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13

You need to know if you are in Northern Hemisphere or in Southern Hemisphere or nearby the Equator. If you are in Northern Hemisphere: First locate the Polaris. Its the last star in The Ursa Minor. I've had trouble in location it sometimes. If you are in such a situation, try locating The Ursa Major. The Ursa Major is located just to the north of The ...


13

I'd give them whatever my device or map provided me, and let them convert to whatever their devices or maps use. Anyone used to receiving lat/lon coordinates regularly should be able to convert from various formats to whatever they use internally. You're the one in trouble with limited resources. You're out there with a broken leg, lost, in the cold or ...


11

Searching online I found lots of useful informations, like e.g. wiki says: The accuracy of step counters varies widely between devices. Typically, step counters are reasonably accurate at a walking pace on a flat surface if the device is placed in its optimal position (usually vertically on the belt clip). Although traditional step counters get affected ...


9

The simplest way (assuming you are in the Northern hemisphere) is to first find the Great Bear / Ursa Major / the Big Dipper / The Plough, and use the two end stars as a sight line. The star in Ursa Minor that they point to is Polaris, which is currently our Pole Star. This does change, but not noticeably in our lifetimes. (from ...


7

Adding this mainly because it's a different kind of approach. The other ones are usually more practical, but this is an alternative that does not require remembering any constellations. If you have a rough idea and a camera, you can take a long exposure (30s minimum, more is better) and check which star in photo is the only one that does not move / stays a ...


7

I would recommend UTM coordinates; it avoids the formatting uncertainty of lat/long and is better suited for ground operations. (Easy to translate to paper maps, define search areas, and calculate distances.) If you use the WGS84 datum, the numerical portions are also identical with the military grid reference system (MGRS) and the national grid (USNG). ...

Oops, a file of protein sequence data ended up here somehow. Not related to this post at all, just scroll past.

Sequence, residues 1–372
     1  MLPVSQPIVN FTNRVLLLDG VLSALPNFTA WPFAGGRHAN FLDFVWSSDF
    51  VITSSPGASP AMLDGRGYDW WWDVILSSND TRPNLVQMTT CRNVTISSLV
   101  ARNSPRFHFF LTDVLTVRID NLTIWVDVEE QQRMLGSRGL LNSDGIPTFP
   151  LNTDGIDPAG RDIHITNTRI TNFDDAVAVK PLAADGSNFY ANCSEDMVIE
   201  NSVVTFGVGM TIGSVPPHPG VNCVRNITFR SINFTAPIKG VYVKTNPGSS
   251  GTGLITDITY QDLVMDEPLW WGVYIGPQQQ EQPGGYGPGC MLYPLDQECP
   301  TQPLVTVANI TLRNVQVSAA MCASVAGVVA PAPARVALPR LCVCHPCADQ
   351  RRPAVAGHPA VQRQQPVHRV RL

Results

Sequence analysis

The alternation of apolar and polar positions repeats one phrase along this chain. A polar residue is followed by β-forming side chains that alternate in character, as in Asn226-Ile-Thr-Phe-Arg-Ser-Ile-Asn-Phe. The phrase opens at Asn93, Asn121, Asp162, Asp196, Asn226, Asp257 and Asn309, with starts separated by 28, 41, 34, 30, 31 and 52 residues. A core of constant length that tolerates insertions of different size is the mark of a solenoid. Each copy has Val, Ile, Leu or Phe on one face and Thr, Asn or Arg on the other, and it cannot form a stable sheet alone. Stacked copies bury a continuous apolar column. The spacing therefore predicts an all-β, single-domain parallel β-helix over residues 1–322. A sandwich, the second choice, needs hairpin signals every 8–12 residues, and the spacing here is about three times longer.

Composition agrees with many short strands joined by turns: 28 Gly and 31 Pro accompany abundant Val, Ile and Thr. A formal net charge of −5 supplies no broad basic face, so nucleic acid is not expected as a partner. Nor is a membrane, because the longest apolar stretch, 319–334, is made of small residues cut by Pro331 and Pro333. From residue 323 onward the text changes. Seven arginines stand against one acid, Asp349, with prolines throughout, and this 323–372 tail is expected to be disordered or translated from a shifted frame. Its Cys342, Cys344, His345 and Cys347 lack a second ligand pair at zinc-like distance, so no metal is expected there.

5

Yes, and yes. According to people I've talked to who work at the Grand Canyon, visitors from the western United States (especially the rural parts of the Mountain West) find the canyon more impressive than those from the east (especially the urban east). The prevailing theory is that they've learned to see long distances.


5

Here's the theory: at noon, if you're in the northern hemisphere, the sun is due south of you. At 6am it's due east of you and at 6pm, due west. (Day length may tweak this a little if you're far enough north, but this is not a precise technique, it just needs to beat looking for which side of the tree is mossy etc. That said, you should un-daylight-savings ...


4

On mobile devices, the Gaia GPS app allows creating a waypoint using whichever format is currently selected (which includes UTM). From your computer, you can enter UTM coordinates into CalTopo; this is convenient if you are printing out paper maps. (It also has some ability to annotate maps and save them to KMZ/KML files for use with Google Earth or your ...


4

There are many devices that will let you enter in UTM and LatLong coordinates interchangeably. be sure to bring a waterproof map with you too though. http://www.rei.com/product/869473/garmin-gpsmap-64-gps http://www.magellangps.com/Store/eXploristSeries/eXplorist-510


4

The difference between someone who knows the elevation of a peak and someone who doesn't is a map. Always bring a map with you, learn to read it well, and keep it dry. You'll live longer.


2

Always have a water proof map of the area you're traveling in ( one with coordinates on each side if you can help it ), and a compass you can use to triangulate your position with. You'll be better prepared in an emergency and more confident outdoors in general if you practice triangulating your position until it comes naturally: ...


1

There is another way that was taught to me in the Boy Scouts. You need a watch with traditional hour and minute hands, make sure it is showing the accurate time Take a small stick, like a toothpick, and stand it up vertically in the center of the watch. Make the shadow of the stick fall on the current HOUR hand When the shadow is on hour hand, then the ...


1

Unless you're talking way above treeline, you can get some idea by what the vegetation looks like at the top or how far the peak seems to be above the treeline. This works reasonably well in the White Mountains of NH where treeline is about 5000 feet and the tallest mountains a bit over 6000 feet. Below 4000 feet, this method isn't much good because you ...


1

There's a german organization their website can be found here -> http://www.orientierungslauf.de/ Best you ask them for further informations, best you contact one of these guys -> http://fv.orientierungslauf.de/kontakt.html



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